Student: What's "opacity"?
AG: "Opacity". Now I wondered, I always wondered what he meant - Opacity? - What is Opacity? - I thought it was Transparency?
Student: You can see through it.
Larry Fagin (poet Larry Fagin, sitting in on the class): You cannot see through it!
Larry Fagin: ...which he liked! - because most American poetry, you could see through
AG: Oh, totally see through it.
Larry Fagin: Totally see through everything which was going on..That's why he liked Williams because he...
AG: In the early Williams, there's a certain opaque quality.
Student: An interesting thing that happens there, culturally. Someone suggested that (Noam) Chomsky proved, rather inadvertently, that we all speak prosaic poetry..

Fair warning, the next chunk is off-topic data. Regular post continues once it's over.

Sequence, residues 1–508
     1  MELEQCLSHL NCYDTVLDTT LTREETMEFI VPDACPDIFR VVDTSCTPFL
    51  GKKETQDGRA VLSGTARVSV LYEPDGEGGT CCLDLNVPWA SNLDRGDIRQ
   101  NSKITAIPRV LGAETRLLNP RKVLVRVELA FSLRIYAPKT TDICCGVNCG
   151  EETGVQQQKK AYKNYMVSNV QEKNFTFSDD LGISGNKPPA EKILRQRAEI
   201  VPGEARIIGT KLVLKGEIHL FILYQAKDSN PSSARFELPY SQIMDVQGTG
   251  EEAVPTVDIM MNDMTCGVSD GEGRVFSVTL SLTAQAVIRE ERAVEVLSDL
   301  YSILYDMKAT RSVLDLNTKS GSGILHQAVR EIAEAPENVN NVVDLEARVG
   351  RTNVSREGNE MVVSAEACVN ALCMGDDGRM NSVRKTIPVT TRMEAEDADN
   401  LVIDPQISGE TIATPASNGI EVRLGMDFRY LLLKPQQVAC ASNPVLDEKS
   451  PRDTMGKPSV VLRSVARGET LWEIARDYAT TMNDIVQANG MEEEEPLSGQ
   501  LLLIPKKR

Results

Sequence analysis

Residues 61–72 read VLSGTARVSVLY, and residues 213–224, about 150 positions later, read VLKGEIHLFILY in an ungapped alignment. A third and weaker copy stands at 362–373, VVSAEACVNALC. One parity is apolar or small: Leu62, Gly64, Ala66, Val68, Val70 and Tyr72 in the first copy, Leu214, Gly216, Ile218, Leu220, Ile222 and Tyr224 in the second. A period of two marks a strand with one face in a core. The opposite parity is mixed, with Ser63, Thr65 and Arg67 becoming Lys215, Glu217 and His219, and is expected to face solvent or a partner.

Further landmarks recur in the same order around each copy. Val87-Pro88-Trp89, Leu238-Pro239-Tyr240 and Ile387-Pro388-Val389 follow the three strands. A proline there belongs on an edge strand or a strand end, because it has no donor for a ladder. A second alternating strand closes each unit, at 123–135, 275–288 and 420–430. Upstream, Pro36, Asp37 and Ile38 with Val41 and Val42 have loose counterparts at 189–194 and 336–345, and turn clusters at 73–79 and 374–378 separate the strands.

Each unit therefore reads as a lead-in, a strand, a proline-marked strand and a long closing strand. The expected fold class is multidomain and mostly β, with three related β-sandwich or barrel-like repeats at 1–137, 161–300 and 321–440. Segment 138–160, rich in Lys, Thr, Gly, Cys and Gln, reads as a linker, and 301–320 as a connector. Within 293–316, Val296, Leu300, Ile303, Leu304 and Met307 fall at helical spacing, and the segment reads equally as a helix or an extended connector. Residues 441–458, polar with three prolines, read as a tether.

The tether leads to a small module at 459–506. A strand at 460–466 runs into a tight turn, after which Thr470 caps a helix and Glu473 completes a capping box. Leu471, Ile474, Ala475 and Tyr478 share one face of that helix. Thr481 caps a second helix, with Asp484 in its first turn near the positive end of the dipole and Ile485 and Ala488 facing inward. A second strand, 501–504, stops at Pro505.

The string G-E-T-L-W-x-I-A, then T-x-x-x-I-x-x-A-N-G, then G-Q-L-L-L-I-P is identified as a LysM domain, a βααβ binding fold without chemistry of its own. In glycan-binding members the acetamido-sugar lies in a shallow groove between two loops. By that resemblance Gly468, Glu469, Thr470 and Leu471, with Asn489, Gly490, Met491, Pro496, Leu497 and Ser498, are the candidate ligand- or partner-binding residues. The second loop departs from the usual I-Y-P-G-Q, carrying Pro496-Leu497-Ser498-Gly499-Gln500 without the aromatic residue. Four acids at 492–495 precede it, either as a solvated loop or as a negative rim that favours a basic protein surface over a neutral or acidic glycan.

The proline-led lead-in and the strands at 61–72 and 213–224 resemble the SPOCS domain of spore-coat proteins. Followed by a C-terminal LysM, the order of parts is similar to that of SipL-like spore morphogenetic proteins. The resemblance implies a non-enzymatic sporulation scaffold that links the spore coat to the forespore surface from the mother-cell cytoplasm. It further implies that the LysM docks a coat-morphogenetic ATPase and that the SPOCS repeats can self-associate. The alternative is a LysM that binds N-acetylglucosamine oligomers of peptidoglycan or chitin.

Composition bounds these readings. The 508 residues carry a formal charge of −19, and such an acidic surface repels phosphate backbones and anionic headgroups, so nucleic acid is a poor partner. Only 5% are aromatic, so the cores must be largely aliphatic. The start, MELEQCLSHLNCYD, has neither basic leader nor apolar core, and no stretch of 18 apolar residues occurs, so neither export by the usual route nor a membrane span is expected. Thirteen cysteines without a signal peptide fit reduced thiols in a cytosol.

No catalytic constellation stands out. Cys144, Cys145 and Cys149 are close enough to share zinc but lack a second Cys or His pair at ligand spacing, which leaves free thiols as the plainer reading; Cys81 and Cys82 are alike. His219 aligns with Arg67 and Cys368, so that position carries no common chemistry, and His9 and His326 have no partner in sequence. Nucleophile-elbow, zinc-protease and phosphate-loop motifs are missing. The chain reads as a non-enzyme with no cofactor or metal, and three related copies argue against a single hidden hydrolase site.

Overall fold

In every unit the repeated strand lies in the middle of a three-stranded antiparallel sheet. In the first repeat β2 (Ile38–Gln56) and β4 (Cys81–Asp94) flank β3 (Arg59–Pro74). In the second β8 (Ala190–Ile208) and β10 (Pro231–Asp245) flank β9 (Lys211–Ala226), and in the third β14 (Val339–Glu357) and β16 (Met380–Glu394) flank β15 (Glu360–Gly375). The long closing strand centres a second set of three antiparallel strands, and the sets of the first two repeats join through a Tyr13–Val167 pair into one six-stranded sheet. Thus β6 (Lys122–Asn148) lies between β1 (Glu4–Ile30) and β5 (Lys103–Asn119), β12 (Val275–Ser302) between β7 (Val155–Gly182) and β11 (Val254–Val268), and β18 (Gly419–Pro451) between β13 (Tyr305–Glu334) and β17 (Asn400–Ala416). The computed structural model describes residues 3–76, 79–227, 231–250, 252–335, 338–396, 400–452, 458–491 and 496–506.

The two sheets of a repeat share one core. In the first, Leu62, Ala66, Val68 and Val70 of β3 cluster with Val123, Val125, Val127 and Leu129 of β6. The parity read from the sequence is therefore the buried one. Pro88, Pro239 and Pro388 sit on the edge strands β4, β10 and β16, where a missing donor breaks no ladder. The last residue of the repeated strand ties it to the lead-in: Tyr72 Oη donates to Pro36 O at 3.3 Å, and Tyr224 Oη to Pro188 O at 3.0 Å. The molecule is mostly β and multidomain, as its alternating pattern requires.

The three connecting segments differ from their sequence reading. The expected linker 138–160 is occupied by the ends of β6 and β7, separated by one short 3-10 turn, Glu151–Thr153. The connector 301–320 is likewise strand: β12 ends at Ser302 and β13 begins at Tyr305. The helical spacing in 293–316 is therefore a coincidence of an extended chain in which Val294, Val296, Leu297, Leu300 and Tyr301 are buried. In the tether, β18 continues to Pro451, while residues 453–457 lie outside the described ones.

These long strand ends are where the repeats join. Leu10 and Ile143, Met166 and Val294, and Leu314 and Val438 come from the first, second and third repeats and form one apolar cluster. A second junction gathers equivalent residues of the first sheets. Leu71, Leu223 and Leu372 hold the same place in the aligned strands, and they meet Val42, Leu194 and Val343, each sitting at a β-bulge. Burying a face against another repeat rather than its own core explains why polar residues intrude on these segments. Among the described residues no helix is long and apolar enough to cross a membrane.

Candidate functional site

Student: ...rather (that is) than prose. The androids spoke prose and .. computers speak prose but... and I was thinking of those early Honda ads that were written by Japanese copywriters.. and they looked... there was something wrong with them, you know, they didn't come over, and I think that what was lacking was the lyrical aspect... and I think that this probably happens to people like Williams who are trying to become, you know, close to the culture, and they're not quite sure of all the rhythms that are present in the speech, but, of course, this is eventually.. if you're second-generation, this is probably just an apparent fear.. but not an actual fear.. even.. probably as well as first generation..
AG: But that fear was transformed into a real precise study of those rhythms actually. He finally got it better than...
Student: I (personally) didn't hear it, but I completely agree.